I called off my engagement to my boyfriend to restore my dignity and self-worth.
He didn’t love me, but rather liked the idea of having someone to assert power over. To him and his family, I was nothing more than a makoti.
A makoti is a woman whose family negotiates her entry into a patriarchal and oppressive system of marriage, where she is to serve her husband and his family, denying her identity and giving her body, mind and soul over to them to do as they please.
That was going to be my fate if I went ahead with marrying him.
When I met him 7 years ago, he was the perfect guy – loving, caring, respectful and romantic. That was the honeymoon phase where he put his best foot forward because as time went on, he began to reveal his true colours.
Romance was replaced by constant fights sparked by my refusal to always agree with him because he was the man. He disliked that I was a career woman with my own income, because according to him, a woman’s place is in a position to be provided for by a man. He would expect me to play house while he sat on his backside waiting to be served, and he would disregard my opinion on any decision, when he bothered to inform me of them.
I was verbally and emotionally abused by him, and I knew I had to leave the relationship. But I was afraid of being labeled as a “lefetwa”, a derogatory term used to describe a woman who isn’t “woman enough” to attract or keep a relationship, so I tolerated him.
Our families didn’t get along, and his mother disliked me. To her, I was a bad person because I was replacing her as the first woman in her son’s life. But more than that, she disliked me because I was a makoti and culture required that she treat me like a punching bag and a nuisance.
So, upon realizing what I was walking into, I removed my engagement ring from my finger and told my uncles to cease lobola proceedings, much to their disapproval about my cheekiness for telling men what to do.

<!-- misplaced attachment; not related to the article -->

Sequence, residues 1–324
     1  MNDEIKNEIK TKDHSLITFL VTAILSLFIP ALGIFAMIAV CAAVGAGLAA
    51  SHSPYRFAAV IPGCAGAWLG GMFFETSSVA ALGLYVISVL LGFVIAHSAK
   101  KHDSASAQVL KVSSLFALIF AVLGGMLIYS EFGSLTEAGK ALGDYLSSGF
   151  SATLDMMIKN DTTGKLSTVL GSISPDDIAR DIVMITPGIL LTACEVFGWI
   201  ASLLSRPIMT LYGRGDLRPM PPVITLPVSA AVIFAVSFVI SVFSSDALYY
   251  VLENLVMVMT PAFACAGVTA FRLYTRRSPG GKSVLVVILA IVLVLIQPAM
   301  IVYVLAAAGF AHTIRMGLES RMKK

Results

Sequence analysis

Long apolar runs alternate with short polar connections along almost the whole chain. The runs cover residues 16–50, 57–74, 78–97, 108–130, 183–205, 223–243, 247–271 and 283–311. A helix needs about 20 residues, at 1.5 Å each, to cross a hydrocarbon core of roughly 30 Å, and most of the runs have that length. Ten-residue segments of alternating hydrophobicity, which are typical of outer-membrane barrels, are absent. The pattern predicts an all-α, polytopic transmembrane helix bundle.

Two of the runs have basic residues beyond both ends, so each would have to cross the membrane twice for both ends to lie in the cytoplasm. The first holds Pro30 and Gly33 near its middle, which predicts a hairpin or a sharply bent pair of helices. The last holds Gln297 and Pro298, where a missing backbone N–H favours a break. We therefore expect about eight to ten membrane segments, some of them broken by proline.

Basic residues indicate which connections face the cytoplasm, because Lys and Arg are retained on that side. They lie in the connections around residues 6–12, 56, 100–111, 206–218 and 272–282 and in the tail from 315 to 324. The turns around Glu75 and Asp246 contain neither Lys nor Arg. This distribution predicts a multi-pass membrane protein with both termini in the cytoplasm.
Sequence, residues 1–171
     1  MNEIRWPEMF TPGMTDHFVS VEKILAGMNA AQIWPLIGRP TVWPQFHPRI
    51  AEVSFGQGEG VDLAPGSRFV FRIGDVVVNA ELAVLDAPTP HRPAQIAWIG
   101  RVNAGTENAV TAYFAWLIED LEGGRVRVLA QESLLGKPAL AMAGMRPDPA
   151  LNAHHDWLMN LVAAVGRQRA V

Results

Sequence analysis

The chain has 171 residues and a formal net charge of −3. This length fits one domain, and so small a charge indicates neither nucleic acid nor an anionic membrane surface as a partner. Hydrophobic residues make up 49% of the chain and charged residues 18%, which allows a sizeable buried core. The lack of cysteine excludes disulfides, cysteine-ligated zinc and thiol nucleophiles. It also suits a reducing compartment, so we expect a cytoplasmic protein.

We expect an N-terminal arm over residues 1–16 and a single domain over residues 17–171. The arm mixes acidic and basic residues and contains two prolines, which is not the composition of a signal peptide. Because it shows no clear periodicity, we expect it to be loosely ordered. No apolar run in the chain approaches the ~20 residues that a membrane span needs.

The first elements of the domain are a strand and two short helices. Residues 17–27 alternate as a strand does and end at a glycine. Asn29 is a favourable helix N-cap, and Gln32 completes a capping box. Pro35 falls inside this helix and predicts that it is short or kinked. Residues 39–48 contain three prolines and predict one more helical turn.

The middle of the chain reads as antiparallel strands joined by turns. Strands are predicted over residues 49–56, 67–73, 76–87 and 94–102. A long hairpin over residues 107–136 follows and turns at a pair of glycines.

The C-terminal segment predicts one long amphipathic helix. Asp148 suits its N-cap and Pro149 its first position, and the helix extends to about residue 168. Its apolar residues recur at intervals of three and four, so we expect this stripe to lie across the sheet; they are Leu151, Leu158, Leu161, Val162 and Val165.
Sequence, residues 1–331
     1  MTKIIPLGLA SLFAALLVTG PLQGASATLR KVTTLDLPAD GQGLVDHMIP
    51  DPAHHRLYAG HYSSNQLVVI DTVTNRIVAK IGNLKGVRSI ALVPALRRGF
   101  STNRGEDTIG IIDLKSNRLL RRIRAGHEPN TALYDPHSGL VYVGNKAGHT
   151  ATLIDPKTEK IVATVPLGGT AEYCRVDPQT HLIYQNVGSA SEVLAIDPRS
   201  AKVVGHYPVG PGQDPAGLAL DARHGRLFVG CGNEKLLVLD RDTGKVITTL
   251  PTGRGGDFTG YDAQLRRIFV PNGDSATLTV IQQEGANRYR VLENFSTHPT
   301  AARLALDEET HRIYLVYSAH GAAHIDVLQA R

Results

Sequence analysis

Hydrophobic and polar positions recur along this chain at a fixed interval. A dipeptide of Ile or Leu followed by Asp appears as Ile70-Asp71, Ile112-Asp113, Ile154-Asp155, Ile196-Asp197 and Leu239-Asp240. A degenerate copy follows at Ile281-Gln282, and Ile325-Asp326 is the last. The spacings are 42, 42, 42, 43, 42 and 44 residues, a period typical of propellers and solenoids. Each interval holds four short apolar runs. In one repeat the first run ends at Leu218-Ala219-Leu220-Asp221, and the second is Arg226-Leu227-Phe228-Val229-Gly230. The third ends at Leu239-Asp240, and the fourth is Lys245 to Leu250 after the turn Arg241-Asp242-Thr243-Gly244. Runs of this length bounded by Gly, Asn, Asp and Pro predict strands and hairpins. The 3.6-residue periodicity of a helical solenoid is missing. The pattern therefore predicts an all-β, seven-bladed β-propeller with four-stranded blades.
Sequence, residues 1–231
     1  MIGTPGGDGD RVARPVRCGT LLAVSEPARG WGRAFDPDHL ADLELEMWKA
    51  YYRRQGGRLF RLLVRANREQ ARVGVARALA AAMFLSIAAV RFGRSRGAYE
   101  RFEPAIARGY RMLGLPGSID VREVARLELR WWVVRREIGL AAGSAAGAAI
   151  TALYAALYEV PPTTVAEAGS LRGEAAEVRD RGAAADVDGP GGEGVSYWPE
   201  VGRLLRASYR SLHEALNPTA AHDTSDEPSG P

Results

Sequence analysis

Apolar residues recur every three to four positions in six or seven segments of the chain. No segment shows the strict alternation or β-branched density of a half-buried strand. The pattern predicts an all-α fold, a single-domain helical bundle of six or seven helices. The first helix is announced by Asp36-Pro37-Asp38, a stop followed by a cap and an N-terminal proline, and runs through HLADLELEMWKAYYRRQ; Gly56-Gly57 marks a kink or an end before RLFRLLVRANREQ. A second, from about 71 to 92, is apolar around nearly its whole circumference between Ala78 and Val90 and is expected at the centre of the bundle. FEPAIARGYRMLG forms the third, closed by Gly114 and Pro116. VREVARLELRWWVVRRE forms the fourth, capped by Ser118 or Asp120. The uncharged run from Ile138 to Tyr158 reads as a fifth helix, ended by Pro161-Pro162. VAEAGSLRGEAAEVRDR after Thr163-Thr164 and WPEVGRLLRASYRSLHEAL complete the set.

As a makoti, I would be expected to live with my in-laws for a few months, waking up at the crack of dawn to prepare breakfast for the family. I would be expected to be permanently dressed in a skirt, a blanket to cover my shoulders and a headscarf for my head to show constant respect of the men and the ancestors of my new family.
I would have to clean up after everyone, cook throughout the day for them and work around the clock to serve them.
I would have to be docile, timid and be seen serving and not heard. I would have to kiss my dreams, aspirations, beliefs, career, and relationships goodbye because a makoti is not a person but rather a servant to its masters. I would have to leave my name and heritage behind to adopt theirs.
And dare I not produce a son as the first child within the first year of marriage, Lord cover me for I will experience the wrath of my husband and his family.
Culture, family, tradition – all of these have reduced my humanity as a black woman. I have played a part in reducing my humanity by tolerating abuse from my boyfriend and not believing that I was enough and worthy.
But no more! I am taking back my life.
And I say, to hell with being a makoti.
*image from The Other.